Genesis Congratulated For Cancelling Coal Stations
3 March 2005
Greens congratulate Genesis on cancelling coal stations
Genesis' sensible and sane decision today to cancel its plans for two coal-fired power stations in the Waikato is a breath of fresh air in the energy debate, says Green Co-Leader Jeanette Fitzsimons.
"This cancellation of two coal-fired stations at Huntly is an opportunity for the electricity companies to start applying some common sense to the issue of generation and demand management," said Ms Fitzsimons, the Greens' Energy Spokesperson.
"It is significant that Genesis has also admitted today that the technology to capture and store CO2 is not at a stage where it can be applied to large-scale commercial plants. Clearly 'clean coal', which Economic Development Minister Jim Anderton recently claimed in Parliament was the way ahead, is a marketing myth.
"The choice facing New Zealand is between dirty power stations and big transmission lines or smarter use of clean renewables. I hope Genesis' move today means the industry is now seriously considering the latter option. Frankly, it should be a no-brainer for an innovation economy and a clean, green country to choose the path of renewables and greater energy efficiency.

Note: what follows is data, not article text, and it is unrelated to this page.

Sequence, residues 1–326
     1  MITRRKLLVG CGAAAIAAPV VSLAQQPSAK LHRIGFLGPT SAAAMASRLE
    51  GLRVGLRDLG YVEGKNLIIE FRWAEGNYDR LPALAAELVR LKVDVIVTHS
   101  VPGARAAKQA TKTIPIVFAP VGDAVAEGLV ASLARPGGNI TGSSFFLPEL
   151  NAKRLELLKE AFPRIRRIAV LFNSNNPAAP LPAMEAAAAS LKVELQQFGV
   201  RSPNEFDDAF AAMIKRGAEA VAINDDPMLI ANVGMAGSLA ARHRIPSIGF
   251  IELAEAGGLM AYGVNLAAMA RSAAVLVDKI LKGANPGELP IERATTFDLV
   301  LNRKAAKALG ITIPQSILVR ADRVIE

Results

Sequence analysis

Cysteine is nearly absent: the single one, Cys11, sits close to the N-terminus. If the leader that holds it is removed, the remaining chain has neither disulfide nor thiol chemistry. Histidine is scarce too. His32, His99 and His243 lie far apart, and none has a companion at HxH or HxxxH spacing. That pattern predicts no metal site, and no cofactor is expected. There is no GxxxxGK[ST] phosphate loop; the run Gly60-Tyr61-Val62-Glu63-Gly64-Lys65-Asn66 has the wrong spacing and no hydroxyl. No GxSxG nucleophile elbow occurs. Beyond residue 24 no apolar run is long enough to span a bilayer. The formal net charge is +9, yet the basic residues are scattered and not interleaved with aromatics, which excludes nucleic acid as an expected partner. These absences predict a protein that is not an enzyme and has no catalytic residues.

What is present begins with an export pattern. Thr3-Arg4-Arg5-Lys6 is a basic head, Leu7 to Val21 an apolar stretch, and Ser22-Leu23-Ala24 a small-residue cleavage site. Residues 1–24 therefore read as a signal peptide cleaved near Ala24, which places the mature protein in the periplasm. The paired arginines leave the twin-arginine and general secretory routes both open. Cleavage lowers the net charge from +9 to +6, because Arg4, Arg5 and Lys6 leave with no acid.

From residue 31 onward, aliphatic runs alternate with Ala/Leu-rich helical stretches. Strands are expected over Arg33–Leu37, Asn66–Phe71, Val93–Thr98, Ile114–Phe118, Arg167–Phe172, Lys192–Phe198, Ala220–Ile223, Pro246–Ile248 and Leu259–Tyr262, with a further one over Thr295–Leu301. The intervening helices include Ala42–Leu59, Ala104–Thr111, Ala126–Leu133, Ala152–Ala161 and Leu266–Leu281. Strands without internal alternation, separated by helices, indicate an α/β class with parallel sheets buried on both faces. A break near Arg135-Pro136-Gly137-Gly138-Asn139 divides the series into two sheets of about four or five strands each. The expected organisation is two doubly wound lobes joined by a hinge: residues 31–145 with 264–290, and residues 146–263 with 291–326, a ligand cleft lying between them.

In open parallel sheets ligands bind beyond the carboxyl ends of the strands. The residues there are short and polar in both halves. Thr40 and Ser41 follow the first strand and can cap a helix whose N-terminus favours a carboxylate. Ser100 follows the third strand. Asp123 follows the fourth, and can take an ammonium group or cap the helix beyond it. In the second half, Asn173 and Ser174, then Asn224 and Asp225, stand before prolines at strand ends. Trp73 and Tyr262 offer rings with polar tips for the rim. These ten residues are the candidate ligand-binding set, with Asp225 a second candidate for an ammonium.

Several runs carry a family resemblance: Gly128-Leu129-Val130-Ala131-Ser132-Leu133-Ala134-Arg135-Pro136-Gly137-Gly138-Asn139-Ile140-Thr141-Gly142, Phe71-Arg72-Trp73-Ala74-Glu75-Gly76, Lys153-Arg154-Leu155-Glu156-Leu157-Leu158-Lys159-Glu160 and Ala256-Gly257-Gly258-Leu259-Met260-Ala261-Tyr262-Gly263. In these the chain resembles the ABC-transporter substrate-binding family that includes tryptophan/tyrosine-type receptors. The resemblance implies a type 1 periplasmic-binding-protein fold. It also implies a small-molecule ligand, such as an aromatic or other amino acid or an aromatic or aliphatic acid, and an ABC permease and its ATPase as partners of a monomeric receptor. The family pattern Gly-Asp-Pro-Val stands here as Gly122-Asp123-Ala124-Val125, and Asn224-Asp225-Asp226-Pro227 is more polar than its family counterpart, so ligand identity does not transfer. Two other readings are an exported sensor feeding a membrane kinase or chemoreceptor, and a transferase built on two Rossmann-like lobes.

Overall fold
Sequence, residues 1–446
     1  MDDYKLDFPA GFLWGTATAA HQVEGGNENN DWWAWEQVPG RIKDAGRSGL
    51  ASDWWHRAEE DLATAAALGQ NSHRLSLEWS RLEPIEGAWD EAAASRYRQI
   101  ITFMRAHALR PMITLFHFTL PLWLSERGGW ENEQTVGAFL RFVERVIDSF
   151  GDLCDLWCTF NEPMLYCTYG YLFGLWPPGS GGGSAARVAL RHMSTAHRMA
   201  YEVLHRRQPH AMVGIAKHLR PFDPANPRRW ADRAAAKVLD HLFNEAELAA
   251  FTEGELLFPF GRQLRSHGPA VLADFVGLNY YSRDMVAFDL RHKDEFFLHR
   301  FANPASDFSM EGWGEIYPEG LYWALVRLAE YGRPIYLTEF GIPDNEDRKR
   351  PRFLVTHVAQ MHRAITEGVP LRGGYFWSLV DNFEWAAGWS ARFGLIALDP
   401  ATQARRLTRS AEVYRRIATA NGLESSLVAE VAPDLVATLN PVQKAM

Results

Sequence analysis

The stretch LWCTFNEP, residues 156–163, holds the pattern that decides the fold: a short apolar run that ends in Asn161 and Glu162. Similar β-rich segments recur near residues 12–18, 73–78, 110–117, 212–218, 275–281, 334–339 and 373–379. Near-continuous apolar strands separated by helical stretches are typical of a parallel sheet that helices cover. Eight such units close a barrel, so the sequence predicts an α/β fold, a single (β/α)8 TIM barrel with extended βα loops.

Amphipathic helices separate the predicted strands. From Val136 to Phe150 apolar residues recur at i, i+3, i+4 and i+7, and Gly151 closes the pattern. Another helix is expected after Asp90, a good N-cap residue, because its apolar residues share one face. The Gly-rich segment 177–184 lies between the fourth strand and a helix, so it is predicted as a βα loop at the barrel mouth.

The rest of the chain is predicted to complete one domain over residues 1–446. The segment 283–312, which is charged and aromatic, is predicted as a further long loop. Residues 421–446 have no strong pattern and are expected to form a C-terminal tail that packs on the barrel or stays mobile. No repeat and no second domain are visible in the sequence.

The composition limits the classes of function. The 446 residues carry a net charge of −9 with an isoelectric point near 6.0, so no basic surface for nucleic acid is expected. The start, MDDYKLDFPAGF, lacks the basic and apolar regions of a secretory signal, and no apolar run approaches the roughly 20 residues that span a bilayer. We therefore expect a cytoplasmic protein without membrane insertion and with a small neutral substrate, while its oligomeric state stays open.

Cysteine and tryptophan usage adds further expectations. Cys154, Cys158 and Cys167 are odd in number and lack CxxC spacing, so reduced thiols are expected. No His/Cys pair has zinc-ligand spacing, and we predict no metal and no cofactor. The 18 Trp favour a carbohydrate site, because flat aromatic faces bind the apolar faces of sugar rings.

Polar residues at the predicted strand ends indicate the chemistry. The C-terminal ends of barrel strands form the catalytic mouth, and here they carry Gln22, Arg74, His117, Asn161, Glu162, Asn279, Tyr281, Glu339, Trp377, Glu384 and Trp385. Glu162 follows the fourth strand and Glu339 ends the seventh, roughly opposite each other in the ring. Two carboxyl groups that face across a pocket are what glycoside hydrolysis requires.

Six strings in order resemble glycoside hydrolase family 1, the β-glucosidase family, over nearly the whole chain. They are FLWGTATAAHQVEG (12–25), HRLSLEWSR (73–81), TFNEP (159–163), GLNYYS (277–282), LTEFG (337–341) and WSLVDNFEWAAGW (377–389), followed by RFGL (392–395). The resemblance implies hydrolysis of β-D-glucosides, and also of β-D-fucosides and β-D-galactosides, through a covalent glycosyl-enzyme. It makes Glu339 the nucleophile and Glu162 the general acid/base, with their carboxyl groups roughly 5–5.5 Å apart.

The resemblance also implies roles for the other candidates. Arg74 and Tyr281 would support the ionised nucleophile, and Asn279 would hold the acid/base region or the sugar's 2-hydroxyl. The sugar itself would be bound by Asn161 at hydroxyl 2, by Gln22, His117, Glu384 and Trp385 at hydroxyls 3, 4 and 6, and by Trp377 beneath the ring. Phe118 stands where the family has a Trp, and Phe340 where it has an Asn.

"With Solid Energy saying coal reserves in Waikato are less than previously thought, it is clear that the only option for coal power now is stations at the bottom of the South Island or on the West Coast. However, the coal found there is mostly brown coal, which produces the most local air pollution when burnt because of its high sulphur content. Sulphur can be scrubbed out of the gas emissions, but that makes the resulting electricity more expensive.
"This newly revealed shortfall in the Waikato reserves also raises the question of where the coal for the controversial Marsden B station near Whangarei is supposed to come from.
"But a major concern with a strategy based on South Island brown coal is that massive transmission lines, such as those that currently threaten the Waikato, would have to be strung out along the length of the whole country. Quite apart from the environmental issues of such an effort, it all adds to the cost and puts the lie to the claims that coal is the cheapest option.
"This is all before we even consider climate change. Coal produces more climate-changing CO2 per unit of energy than any other fossil fuel, which is crazy in a climate-constrained world. Removing CO2 is difficult and prohibitively expensive, even more so than for sulphur. Recent estimates are that scrubbing CO2 makes coal much more expensive than wind and solar.
"New Zealand needs to focus on using energy more smartly, not just producing more at any cost. The millions of dollars for proposed new coal plants need to be spent on helping improve energy efficiency. Specifically I call on Genesis and the other 'powercos' to now start investing in energy efficiency in Auckland," said Ms Fitzsimons.